Seven Tips to Help Seniors Finish Their Thesis

Many schools have a requirement for a “capstone”, which is a longer writing project (sometimes referred to as a senior thesis) that must be completed in your last year. This is a great opportunity for some students to get a job at a higher level in their chosen field. For others, however, this can be a daunting, seemingly unsurmountable hurdle that stands between them and the fancy piece of paper bearing the university seal. We offer our top tips to help you prepare for the fall when many students will begin working on this assignment.

  1. Be careful when choosing your adviser. The senior project at many schools is the first time a faculty member directly supervises your work. Make sure you choose a professor who is an expert on the subject. You will need someone who is knowledgeable about the topic to help you understand it better. You should also make sure you choose someone with whom you have taken a few courses. It would be a shame to feel stuck after just one week with someone you don’t like (and probably won’t love you).

Extra Pointer. You might think about changing the topic you are working with if you know a professor that you would like to work with. This is better than trying to get them involved in a project on a topic outside of their expertise.

  1. You should choose your topic carefully. A bad topic will not lead to a successful end. Before you start writing your quarter, consult your advisor.

5-Star Tip. Although every field and paper is unique, these are signs that a topic is good:

  • Your previous experience: This is in an area where you have done coursework. You should not start work in unfamiliar territory with a senior thesis.
  • Doability: This topic can be explored productively in the time available. Do not fixate on a project taking more than a lifetime or on a topic that is so narrow you will struggle to write 10 pages.
  • Answers a question, rather than surveying an area. The best thesis projects address a problem and attempt to solve it. A descriptive report is usually written on a topic that interests you, and not an analysis paper. Reports are at the bottom of the intellectual food chain.
  • Your intrinsic interest: It’s not a good idea to spend hours on something that bores your heart from the beginning. This is particularly important to remember if your professor suggests a topic to your, and you pick your own.
  1. Expanding a course paper is a good idea. Students mistakenly believe that to write a senior thesis, they must come up with an entirely new idea. Many times, however, expansions, reworkes and deeper explorations of course papers are the best projects. It is easy to understand why. Often, you have done substantial work on the topic (and therefore know what you are talking about), and many times the original topics were chosen by professors (hence more likely to work).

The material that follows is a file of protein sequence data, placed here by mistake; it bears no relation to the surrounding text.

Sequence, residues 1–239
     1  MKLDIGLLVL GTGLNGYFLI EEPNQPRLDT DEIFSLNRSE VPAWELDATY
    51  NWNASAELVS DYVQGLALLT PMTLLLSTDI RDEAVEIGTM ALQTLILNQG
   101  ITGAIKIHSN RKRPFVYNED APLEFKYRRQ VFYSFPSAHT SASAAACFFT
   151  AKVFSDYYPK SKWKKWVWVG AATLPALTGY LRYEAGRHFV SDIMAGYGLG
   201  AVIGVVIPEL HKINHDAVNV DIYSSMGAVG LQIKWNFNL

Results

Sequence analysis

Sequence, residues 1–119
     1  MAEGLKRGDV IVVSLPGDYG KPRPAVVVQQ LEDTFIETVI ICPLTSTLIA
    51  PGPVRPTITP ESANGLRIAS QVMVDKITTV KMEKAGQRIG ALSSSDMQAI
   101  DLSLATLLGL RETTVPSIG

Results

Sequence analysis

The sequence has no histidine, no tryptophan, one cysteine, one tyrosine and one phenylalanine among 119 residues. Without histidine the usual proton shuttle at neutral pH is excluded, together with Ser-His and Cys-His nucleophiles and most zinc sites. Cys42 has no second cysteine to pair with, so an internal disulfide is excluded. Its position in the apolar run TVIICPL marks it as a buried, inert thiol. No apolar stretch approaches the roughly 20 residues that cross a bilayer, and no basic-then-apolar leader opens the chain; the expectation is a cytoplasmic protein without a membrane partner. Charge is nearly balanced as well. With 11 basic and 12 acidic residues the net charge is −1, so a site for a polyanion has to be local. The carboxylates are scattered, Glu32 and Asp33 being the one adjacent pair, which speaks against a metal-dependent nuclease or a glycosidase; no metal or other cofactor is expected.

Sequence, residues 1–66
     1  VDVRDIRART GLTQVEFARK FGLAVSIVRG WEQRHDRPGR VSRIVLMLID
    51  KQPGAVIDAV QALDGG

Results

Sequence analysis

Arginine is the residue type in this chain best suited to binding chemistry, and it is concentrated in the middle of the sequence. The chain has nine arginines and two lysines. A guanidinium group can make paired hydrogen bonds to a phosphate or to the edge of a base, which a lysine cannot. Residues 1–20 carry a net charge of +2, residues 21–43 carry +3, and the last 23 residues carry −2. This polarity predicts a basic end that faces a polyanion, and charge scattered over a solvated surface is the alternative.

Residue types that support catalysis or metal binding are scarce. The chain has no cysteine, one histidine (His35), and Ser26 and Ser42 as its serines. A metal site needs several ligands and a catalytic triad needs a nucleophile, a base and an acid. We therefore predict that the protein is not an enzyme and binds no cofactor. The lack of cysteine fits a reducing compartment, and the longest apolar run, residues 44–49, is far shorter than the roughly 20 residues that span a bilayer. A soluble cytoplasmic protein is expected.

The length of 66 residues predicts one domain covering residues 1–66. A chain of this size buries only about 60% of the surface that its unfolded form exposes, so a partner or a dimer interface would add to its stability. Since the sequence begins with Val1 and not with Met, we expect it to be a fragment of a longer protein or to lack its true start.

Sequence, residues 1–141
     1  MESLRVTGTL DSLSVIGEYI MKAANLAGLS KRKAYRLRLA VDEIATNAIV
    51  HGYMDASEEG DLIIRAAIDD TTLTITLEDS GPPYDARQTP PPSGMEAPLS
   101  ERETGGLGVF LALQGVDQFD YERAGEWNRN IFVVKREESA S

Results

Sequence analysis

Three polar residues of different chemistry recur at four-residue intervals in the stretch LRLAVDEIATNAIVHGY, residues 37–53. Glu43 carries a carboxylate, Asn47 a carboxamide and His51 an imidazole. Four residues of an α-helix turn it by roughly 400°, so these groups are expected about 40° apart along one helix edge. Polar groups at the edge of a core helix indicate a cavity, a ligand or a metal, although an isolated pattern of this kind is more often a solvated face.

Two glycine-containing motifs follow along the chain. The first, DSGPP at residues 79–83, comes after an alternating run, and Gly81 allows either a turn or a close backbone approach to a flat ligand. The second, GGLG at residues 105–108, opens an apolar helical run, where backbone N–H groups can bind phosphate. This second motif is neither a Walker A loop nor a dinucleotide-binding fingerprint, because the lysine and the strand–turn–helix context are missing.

2. Organise your face-to-face time. Your adviser should help you establish a schedule. Also, make sure you have a meeting with your adviser to discuss the work involved in each meeting. Are you supposed just to get together and chat? Do you need to read a piece each week? Or have you written a draft? Is it necessary to revise a previous article? Professors have different expectations. Be clear about what you want. Be sure to adhere to the meeting schedule.

5-Star Tip. 5-Star Tip. Depending on the project, there might be scholars at your university who can provide valuable input to your work. Talk to your professor about the possibility of consulting with other faculty members from the same department or nearby departments.

  1. Divide your time in half. Half of your time should be spent researching, and half the time should be used for writing. Students spend about 90% of their time researching. This means that most students don’t start putting together their ideas until it is too late. Senior theses are best when there are multiple drafts and serious revisions based on your adviser’s comments. This takes time.
  2. Do not assume that more pages are better. Many students mistakenly believe that the goal of this course is to produce as many pages possible. Professors tend to judge quality over quantity. Ask your advisor what length the project should be. Professors may prefer a magnum opus of 70 to 80 pages, while others prefer a journal article of 25 to 40 page length.
  3. Play until the end. Many schools cap their capstone projects with an oral exam. A panel of three to four faculty members sits down and asks questions about your work for about an hour. This is the time when the honors level or grade will be determined. You should be prepared for the oral exam.

Bonus tip. Bonus Tip. As the project comes to an end, it is important to evaluate where your work fits in the field and what unique contribution it makes. This information will be communicated in your paper, and your defense of your thesis if you have one. You must become a professional in your field by writing the senior thesis, or capstone project. Without knowing your position and the other players, you can’t play.

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